On vacation, I use a Toshiba Excite 10” tablet to surf the web and check email and Facebook. No keyboard = frustrating. The Chrome Book would solve that without adding a Bluetooth keyboard to lug around.
At home, the grandkids use the tablet to play touch-screen games like Angry Birds but I don’t play them so touch-screen gaming is irrelevant to me.
Any other serious drawbacks I’m missing?
Might have to see if AM1280′s assistant ops manager Jon Osburn is tuned in…
When making your weekend plans – tomorrow the NARN will be broadcasting live from Bill’s Gun Shop and Range, for the Shooter Show.
And remember – ahem:
(You buy the ammo…)
The show starts today, and runs through Sunday – but I hope you’ll join me for the broadcast, and a ton of shooting, tomorrow from 1-3PM!
(I’ll be adjourning to “the Lodge”, next door, for a drink or two after the show. Hope you can join me there!)
New scientific poll proves that conservatives are better readers than liberals – and this translates into higher general intelligence.
This is, of course, as I’ve always suspected; liberals are big on talking about how intelligent they are, what conservatives usually stick to demonstrating it in their jobs, families, and daily lives.
For all of their babbling about snake-handling and “Faux” News and Christine O’Donnell and the like, any actual conservative dealing with liberals on a daily basis knew this to be a fact, in the pit of their gut.
But that was anecdotal. This? This is settled science.
While we wait for further news on Katie Kieffer’s first book – of which more to come soon – I’m happy to notice that XKCD is publishing a book this fall.
Serious Scientific Answers to Absurd Hypothetical Questions will be published September 2nd by Houghton Mifflin Harcourt. Starting today you can pre-order it from your favorite bookseller (Barnes & Noble, Amazon, Indie Bound). There are also foreign editions, including a UK and Commonwealth edition and a German edition
Sounds like my next couple of airplane trips are covered!
An observation from The Blaze:
In nearly all movies involving “gangsters” with guns, you’re bound to see the firearm cocked sideways. It was even a joke in the movie Date Night where Steve Carell’s character calls this position the “kill shot.”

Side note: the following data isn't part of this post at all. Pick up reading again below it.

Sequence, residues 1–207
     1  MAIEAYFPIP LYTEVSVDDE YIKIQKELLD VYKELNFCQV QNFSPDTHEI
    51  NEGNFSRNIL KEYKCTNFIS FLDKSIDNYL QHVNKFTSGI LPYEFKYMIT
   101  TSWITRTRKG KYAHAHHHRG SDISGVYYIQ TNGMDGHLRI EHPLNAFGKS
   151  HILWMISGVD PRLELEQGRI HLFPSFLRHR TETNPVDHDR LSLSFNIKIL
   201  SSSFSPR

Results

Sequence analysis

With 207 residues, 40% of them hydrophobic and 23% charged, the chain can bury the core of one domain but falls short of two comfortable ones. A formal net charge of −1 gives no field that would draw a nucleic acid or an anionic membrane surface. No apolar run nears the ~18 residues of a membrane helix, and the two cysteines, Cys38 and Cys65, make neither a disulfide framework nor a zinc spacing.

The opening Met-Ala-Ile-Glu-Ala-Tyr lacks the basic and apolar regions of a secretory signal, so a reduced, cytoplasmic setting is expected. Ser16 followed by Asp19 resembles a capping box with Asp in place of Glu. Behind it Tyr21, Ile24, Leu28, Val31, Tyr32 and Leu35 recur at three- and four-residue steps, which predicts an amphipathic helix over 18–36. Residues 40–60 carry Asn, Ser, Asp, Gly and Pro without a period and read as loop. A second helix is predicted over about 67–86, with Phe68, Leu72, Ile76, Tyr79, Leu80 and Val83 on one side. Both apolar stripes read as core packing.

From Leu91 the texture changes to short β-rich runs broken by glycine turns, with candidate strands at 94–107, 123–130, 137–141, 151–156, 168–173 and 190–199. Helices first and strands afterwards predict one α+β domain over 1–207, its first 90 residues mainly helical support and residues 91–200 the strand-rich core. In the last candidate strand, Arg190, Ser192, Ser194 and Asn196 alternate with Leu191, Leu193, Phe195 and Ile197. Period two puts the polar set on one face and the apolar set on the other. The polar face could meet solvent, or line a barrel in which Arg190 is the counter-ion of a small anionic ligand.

A former U.S. Marine Corps marksmanship instructor thinks there could be some merit to that logic, according to the Daily Mail.
In an effort to save time, make a getaway and maintain some accuracy, Davis said the method being used is called “flash sight picture,” which aims down the side of the gun. It isn’t necessarily the most precise, but it can get the job done.
My theory – which is both utterly free of evidence and, I suspect, absolutely correct – is this: during the 1980s, as the drug war was ramping up, the CIA infiltrated gangs in Minneapolis, Los Angeles, Miami and along the border, and began teaching gangs the grip. They also got to famed Hong-Kongese (Hong Kongian? Hong Konger?) filmmaker John Woo, and got him to glorify the sideways grip in countless film shootouts.
The motivation, of course, was to save police. It has had the concomitant effect of saving countless gangster targets over the years, while killing or maiming countless innocent bystanders who were sitting in second-floor apartments 45 degrees off the line of fire. One Minneapolis cop once told me, back in the eighties, that the safest place to be in a gang shootout was the target; actual participants seemed to be very rarely harmed in gang shootouts,then as now.
We can thank the John Woo grip for this.
In 1969, the US submarine Scorpion, homeward bound from the Mediterranean in the South Atlantic, disappeared without a trace.
The search was finally resolved when a Navy researcher, John Piña Craven, using Bayesian search methods and, in effect, a free market approach to sorting through the various hypotheses, found the wreck. It took a while – but in the end, the path to the sub’s wreck was perfectly logical.
The media – inflamed by the Malaysian government’s political skeeviness – is spinning conspiracy theories as fast as it can get them on the air these days.
If I had to bet? I’d say this guy has it right.
Just a hunch – but if I had to bet, I’d go long on the theory.
I have a shot at throwing a get-together involving…:
…in that order, and that order alone. It’d be on a Saturday afternoon, sometime in the next couple of weeks.
Just thought I’d throw out a trial balloon to see if anyone’s interested?
Not to joke about the death of young Anand Baskanan, a Long Island transplant who came to Minnesota to work at 3M, and brought his passion for very fast racing motorcyles with him…
…to I394 this past weekend, where he apparently dumped it while racing at 100-120mph one night. Baskanan died at the scene. My condolences to his friends and family.
…that my blog doesn’t have nearly enough arctic fox or eighties hair-metal references.
I live to serve.
Outrageous inflation in military spending isn’t a modern phenomenon. Since the end of the Cold War, though, we don’t hear as much about it.